Mpumalanga Sagebush, Mpumalanga Salie, Pink Salvia
ize: 60 cm – 1m
Pale to lilac- pink, or white touched softly with pink; September - December; spring; summer
Sun; semi-shade; rockery; screen; shrubbery; paving; narrow spaces; fast-growing easy-care
ainfall season: Summer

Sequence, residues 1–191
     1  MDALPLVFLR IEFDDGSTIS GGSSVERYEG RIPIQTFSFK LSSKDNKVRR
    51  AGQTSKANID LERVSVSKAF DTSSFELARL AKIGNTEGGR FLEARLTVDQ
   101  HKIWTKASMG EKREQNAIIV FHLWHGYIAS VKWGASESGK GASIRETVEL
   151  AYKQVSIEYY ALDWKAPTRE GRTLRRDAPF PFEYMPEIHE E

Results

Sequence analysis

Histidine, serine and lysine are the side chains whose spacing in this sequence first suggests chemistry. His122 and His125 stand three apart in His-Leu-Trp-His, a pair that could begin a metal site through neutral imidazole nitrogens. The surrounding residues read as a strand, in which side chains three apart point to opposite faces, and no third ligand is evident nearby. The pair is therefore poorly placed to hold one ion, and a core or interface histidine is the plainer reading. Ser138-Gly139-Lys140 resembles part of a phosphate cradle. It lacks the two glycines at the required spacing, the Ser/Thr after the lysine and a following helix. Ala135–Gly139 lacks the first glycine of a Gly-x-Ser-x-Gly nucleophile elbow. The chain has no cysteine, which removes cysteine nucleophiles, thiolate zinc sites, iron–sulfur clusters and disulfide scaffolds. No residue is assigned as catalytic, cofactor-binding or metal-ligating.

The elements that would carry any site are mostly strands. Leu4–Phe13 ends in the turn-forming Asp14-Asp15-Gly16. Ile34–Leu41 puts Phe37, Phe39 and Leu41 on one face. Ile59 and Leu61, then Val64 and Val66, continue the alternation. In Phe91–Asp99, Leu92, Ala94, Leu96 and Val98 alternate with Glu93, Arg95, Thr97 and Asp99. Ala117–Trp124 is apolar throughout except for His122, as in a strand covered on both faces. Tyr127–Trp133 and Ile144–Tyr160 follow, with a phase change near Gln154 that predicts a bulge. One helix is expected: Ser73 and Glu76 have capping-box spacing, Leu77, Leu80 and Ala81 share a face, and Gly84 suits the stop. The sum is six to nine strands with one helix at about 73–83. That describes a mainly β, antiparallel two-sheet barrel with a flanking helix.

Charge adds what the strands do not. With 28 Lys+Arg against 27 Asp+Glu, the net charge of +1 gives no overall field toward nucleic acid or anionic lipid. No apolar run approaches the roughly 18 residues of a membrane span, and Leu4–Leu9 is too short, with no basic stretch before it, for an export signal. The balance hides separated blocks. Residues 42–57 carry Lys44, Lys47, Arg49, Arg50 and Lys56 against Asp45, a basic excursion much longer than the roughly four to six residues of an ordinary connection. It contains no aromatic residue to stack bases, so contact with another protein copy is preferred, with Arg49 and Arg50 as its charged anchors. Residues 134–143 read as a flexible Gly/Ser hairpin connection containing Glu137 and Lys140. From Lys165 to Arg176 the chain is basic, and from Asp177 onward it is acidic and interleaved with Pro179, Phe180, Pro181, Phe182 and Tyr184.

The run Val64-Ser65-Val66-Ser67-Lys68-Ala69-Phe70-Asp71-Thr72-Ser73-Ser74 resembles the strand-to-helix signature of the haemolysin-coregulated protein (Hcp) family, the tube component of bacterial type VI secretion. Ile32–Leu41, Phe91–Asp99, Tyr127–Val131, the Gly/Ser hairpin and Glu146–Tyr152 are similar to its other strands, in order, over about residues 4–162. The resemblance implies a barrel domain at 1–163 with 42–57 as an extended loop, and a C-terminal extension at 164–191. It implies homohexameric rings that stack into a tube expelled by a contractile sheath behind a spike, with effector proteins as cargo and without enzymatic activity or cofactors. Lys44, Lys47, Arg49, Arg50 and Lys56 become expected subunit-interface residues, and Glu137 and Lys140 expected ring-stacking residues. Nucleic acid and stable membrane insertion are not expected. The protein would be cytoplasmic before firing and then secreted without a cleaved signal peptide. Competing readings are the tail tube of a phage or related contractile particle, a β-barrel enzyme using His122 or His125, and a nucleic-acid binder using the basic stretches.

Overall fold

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A misty purple and pink haze covers this beautiful small shrub throughout spring and early summer (September to December), and has one of the most profuse flowering displays of all of the Salvia family. Along with its ease of cultivation the Sagebush is an excellent garden plant through much of the country. The multi-stemmed herbaceous shrublet is easy to grow; with a woody rootstock, a common characteristic of grassland plants, it re-sprouts strongly after pruning which is necessary to prevent excessive woodiness in mature plants. Woody stems are sparsely covered in fine hairs and new stem growth is often tinged purple. Up to 40 mm long x 20 mm wide, leaves range in shape from oval-elliptical to oval, rounded at the base tapering to a sharp tip, with toothed margins. Both leaf surfaces are covered in sparse hairs and leave a sticky residue on the fingers when touched. All members of the mint family impart a lovely fragrance, a chemical defence against plant-eating insects. Flowers are typical of the Salvia family, up to 200 mm long, and branched once or twice at the base. The flowers are produced in whorls with a tubular, two-lipped corolla. Flower colour ranges from pale to lilac- pink, or white touched softly with pink. Tips of each inflorescence produce deep-pink floral bracts. Distribution and habitat: Syncolostemon transvaalensis occurs in the Mpumalanga and North West provinces, commonly seen around Pilgrims Rest in the north through to Barberton in the south. It grows in grasslands on the Mpumalanga Drakensberg, from about 100 m above sea level to an altitude of 1700 m. Here summer rains are plentiful and winters are dry and grass fires are frequent. In the garden: The Sagebush is an invaluable shrub in the 60 cm – 1m size category that helps to link the smaller perennials and the larger shrubs. Planted in a sunny or semi-shaded position, in nutrient-rich, well-drained soils, Syncolostemon transvaalensis will thrive. It is versatile enough to do as well in shallow and rocky soils. The Sage Bush is showy enough to use as a single feature shrublet at the entrance to a path or around the patio, but its beauty is seen best when displayed in more extensive stands. Place plants 60 cm apart to give each bush enough space to show off and allow flowers to be easily found by pollinators. While the Sagebush will cope with a light frost, young plants should be protected for the first couple of years. According to Western Cape gardeners, it also does well in the winter-rainfall gardens if watered twice weekly during the dry summers. Syncolostemon transvaalensis should flower happily for many seasons if pruned heavily in mid-winter to encourage healthy new growth in spring. Enrich the soils with compost in late winter before it enters the growth phase, and mulch well; organic mulches will add further nutrients to the soils through the year. However, Jenny Dean has found this shrub flowers almost daily in the Kloof region, exhausts itself after a couple of years and needs to be replaced every couple of years. Propagation is via cuttings or seed. Softwood or herbaceous cuttings should be taken in spring or early summer, about 50-100 mm long and kept moist. Keep them in light shade until ready to plant out. Seed can be sown in spring or summer; plant in a seedling mix in seed trays and keep moist. Seed should germinate in 3-4 weeks. The seedlings can be planted out in individual bags as soon as they are large enough to handle.